JDK-4106143 : About polymorphism: changing the return type of an overloaded method to a subcla
  • Type: Enhancement
  • Component: specification
  • Sub-Component: language
  • Affected Version: 1.1,1.2.0
  • Priority: P4
  • Status: Closed
  • Resolution: Duplicate
  • OS: generic,windows_95
  • CPU: generic,x86
  • Submitted: 1998-01-23
  • Updated: 1999-05-03
  • Resolved: 1999-05-03
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Description

Name: rm29839			Date: 01/22/98


According to the actual Java specification, the following code would produce a compiler error:

<code>
abstract class Aclass
{
  public abstract Number giveMeANumber();
}

class ASubClass extends Aclass
{
  public Integer giveMeANumber()
  {return new Integer(8);}
}
</code>

I understand that it is an error to overload a method with an other one with the same signature but a totally different return type.
 But it’s not clear to me why we are not allowed to change the return type in this particular case, since Integer is a subclass of
 Number. If a method calling AClass.giveMeANumber() was expecting a Number object, I see no objection to giving it an Integer
 object. In fact, I see some advantage in allowing this kind of change. The following discussion gives two examples:


ADVANTAGE IN THE OVERLOADED clone() METHODS:
When implementing the clone method, it would allow us to cast the cloned object to the right type. It may help to trap some
 errors at compile time. The following code give an example with the two classes above:


/* Legal, but may throw a ClassCastException at run time */
void check(AClass c)
{Float f=(Float) c.giveMeANumber();}

/* Should produce a compile time error */
void check(ASubClass c)
{Float f=(Float) c.giveMeANumber();}

If you change the return type of all clone() methods in the Java library to the right type, it seem to me that it would not break
 the backward compatibility, except in the case of obvious programming error. In those cases, this change will help to catch at 
compile time some errors which are actually caught only at run time. Nevertheless, I fully understand that you want to be very 
careful about any language change.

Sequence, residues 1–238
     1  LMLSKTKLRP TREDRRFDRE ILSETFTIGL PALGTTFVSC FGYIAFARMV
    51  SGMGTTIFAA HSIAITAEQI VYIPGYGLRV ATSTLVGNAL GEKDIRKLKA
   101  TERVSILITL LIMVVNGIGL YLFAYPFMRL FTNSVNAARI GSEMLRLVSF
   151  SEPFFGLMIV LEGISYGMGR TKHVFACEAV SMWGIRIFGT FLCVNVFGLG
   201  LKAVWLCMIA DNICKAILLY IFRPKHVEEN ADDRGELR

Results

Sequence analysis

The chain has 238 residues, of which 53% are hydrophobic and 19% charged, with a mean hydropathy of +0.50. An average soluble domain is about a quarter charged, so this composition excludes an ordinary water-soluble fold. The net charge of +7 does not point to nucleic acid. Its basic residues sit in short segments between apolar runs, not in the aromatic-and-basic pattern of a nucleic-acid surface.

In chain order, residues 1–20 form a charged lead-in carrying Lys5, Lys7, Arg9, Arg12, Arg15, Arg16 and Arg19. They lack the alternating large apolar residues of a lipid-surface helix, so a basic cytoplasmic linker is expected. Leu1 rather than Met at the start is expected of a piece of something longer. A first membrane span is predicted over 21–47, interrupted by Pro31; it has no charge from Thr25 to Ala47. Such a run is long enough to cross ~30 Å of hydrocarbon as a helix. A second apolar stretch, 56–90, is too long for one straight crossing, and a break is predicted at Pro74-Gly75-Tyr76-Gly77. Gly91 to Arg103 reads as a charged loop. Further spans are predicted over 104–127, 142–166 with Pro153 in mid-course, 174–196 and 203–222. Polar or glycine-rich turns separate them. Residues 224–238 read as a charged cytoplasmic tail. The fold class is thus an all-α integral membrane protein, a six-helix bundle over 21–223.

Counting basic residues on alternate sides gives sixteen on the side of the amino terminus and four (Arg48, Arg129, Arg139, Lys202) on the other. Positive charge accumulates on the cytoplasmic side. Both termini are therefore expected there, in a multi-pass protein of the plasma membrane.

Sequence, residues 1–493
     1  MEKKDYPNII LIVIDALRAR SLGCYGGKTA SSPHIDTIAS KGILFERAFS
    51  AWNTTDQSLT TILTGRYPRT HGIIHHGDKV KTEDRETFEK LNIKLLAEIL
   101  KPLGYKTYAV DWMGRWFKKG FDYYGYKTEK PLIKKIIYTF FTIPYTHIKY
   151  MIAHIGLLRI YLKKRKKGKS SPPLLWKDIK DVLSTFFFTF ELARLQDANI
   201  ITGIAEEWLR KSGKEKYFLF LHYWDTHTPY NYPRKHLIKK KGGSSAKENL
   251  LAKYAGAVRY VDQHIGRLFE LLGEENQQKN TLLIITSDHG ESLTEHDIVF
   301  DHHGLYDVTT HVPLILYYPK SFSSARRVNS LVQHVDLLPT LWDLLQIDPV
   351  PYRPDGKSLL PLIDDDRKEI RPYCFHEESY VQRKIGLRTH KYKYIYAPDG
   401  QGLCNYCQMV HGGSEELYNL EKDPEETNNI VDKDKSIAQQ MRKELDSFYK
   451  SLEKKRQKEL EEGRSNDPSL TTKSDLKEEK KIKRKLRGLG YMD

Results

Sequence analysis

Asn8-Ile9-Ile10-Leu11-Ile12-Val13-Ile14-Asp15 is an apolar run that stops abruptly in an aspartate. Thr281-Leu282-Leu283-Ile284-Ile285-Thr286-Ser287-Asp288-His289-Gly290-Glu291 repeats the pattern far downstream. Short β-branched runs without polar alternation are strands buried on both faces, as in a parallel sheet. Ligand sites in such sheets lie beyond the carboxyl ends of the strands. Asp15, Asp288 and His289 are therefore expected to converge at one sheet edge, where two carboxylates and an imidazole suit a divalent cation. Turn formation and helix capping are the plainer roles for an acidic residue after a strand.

ADVANTAGE IN THE java.text.Format.parseObject(String) METHOD:
The java.text.NumberFormat.parse(String) method is implemented as below:

<code>
public Number parse(String text) throws ParseException {
    ParsePosition status=new ParsePosition(0);
    Number result=parse(text, status);
    if (status.index==0)
        throw new ParseException("Unparseable number: \""+text+"\"", 0);
    return result;
}
</code>

In comparison, the java.text.Format.parseObject(String) is implemented in a similar way, except that its error message is 
more general (and less explicit):

<code>
public Object parseObject(String text) throws ParseException {
    ParsePosition status=new ParsePosition(0);
    Object result=parseObject(text, status);
    if (status.index==0)
        throw new ParseException("Format.parseObject(String) failed", 0);
    return result;
}
</code>

If it was allowed to overload an "Object parse(String)" method in the Format class with the actual "Number parse(String)" 
method in the NumberFormat class, it will allow you to rename the actual "parseObject" method in the Format class to "parse", 
and to deprecate the old "parseObject" method. We would get a simpler interface and better error messages when the method 
throws a ParseException. Actually, the parseObject method has no way to produce better error messages than "Parse failed".

Maybe I misunderstand the problem. So I will not be surprised if this feature request get the "Closed, will not be fixed" status. 
But I hope you may consider it as one more vote for some language improvement. I would also like to support the feature requests 
4093718 (the "const" keyword), 4087427 (operators overloading) and 4066667 (complex primitives). Thank you.
(Review ID: 23140)
======================================================================

Comments
PUBLIC COMMENTS THis is a duplicate of 4144488.
2004-06-10

EVALUATION A proposal for allowing a change in the return type of an OVERRIDING method is being studied. This was a feature in early versions of the Java language, and might conceivably be reinstated. It's an excellent notion from a software design and engineering perspective, and perfectly type safe. gilad.bracha@eng 1998-01-26
1998-01-26